Over the next half hour I look carefully at each title, and in the end everything that does not have a Christian industry label is pushed aside. I reduce my CD collection to Christian Contemporary Music’s chart toppers. WhiteHeart. Michael W. Smith. Keith Green. And of course, Phil Keaggy and Rich Mullins. It’s boring, but it’s pure. I plan to take the secular CDs to the CD Warehouse to trade them, maybe for some jazz. Ain’t nothing wrong with Billie Holiday, I suppose (until I read a thing or two about Billie Holiday).
Finally, I can pray. I have shoved aside the thing that was between me and God, and now that I have done it, now that I am not feeling guilty, I can proceed. I can seek Him, and I do.
Maybe I can make it after all. Maybe everything won’t be so confusing. Maybe there are ways for me to find answers. God has pointed me toward some possibilities—namely, more prayer and reflection and sitting under the teaching of men and women older and wiser than me, whether through sermons or conversations or books. I will learn from the wisdom of those who have gone before me. I can do this. I can believe. My faith doesn’t have to fall apart.
I walk to the stairwell and descend to the lobby. I figure I’ll go for a walk in the night air and let all this sink in. As I am about to pass through the doorway, I see Dwayne walking toward me. I stop and stare; he seems to be stumbling. Barely holding himself up. He doesn’t look like himself. He looks drunk.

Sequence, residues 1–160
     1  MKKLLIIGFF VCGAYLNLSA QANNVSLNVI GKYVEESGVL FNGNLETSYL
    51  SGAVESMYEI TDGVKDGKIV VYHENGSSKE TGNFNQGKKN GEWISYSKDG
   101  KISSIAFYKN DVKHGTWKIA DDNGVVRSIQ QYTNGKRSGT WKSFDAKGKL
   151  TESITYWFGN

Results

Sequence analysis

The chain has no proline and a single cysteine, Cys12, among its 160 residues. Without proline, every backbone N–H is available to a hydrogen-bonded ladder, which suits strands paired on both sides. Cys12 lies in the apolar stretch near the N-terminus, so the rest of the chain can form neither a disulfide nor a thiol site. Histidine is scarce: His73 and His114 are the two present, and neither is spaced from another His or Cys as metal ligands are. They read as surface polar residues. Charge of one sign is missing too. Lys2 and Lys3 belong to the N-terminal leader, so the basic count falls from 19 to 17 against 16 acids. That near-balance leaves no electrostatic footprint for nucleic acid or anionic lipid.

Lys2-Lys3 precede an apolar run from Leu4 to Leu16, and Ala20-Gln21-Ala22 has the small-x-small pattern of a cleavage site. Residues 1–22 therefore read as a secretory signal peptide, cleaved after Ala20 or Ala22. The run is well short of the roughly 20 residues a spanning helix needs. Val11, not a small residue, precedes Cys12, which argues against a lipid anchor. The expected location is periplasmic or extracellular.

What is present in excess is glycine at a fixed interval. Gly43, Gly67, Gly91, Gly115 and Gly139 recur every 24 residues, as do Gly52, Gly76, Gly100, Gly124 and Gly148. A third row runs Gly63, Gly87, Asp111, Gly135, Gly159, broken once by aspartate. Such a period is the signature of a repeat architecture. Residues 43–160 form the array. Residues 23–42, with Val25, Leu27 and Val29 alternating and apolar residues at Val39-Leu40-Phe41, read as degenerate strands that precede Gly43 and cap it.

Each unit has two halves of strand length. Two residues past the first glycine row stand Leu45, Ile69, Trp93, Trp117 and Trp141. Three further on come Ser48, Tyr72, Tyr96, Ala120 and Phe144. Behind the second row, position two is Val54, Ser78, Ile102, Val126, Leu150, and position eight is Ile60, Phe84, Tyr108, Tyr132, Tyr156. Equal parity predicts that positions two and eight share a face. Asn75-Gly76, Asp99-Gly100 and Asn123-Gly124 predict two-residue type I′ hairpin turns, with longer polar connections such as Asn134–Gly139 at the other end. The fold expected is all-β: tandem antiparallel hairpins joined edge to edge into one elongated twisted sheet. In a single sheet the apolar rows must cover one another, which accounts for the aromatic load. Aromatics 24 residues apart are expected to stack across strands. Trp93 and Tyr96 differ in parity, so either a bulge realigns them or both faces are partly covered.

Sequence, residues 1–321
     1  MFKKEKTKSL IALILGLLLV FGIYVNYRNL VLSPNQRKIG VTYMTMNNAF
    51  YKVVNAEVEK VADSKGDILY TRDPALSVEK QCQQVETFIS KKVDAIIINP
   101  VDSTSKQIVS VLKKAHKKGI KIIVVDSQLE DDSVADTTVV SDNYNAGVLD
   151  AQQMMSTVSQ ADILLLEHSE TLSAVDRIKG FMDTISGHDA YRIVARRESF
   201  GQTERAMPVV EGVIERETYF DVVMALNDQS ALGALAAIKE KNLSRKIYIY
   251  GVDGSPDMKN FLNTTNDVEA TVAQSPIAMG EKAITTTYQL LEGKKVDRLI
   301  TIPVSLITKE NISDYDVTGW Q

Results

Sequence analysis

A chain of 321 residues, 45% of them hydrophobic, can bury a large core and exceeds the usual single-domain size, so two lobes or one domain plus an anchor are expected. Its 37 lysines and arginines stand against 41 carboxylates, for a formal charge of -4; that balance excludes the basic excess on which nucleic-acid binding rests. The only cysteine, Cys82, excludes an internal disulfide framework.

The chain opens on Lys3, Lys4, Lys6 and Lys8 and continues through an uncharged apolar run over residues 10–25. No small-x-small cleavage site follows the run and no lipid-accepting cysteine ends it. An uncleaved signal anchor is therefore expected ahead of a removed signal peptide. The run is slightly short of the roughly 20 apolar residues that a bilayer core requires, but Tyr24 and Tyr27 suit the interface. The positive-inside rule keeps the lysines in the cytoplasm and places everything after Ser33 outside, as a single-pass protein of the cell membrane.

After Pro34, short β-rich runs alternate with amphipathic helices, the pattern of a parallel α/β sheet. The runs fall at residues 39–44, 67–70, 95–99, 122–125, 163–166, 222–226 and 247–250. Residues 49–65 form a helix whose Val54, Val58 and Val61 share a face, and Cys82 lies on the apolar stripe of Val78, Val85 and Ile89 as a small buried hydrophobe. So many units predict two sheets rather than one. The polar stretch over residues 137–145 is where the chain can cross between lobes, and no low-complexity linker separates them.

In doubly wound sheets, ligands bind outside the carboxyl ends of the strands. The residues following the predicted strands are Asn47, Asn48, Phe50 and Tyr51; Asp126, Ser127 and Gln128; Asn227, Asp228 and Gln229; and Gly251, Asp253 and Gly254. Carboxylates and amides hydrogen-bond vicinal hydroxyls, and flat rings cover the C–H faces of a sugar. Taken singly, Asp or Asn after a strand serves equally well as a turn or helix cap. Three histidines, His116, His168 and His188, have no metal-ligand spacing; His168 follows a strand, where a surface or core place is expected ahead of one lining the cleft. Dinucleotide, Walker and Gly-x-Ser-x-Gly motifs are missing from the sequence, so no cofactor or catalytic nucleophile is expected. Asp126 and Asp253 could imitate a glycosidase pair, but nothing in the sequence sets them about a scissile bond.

Dwayne? Righteous Dwayne? Sweet Dwayne? Dwayne went out on a Friday and got drunk? I walk up to him and grab his shoulders. He gives me a sheepish grin.
“Shhelloooo, Pattshon!” He’s not just drunk; he’s like a drunken character in a made-for-television movie, a caricature of drunks.
“Dwayne? What’s up, man? Are you all right?”
“SsshI’m fine!” His voice cracks. “I’m shhunkly dorky—ha ha— I mean dory!”
My weight is under his, holding him up. I pull us toward a chair near the front of the dorm lobby and set him into it.
“Dwayne, what did you do tonight?”
“Oh, brother, you should have been there,” he says, his voice clearing a little. “This minister had the power of God. I’m telling you, the Holy Spirit was all over the place.” He finds his slur. “Shollll overshh thish placeshhh!”
“What are you talking about?”
“We all got drunk, man. Drunk in the Spirit.” He giggles.
“You got drunk in the Spirit?”
“Yeah, Patton. Shhhhit wasssh sho powerfulsh!”
Awkwardly, slurringly, Dwayne explains that he and some friends had been attending revival meetings all week at a church downtown. Tonight, Dwayne says, the Holy Spirit showed up in a major way and fell on the whole congregation. People were falling over. They were laughing. They were shouting in new prayer languages. They were getting drunk in the Holy Ghost. Dwayne drank so hard and long that some friends had to drive him back to campus. He would pick up his car tomorrow.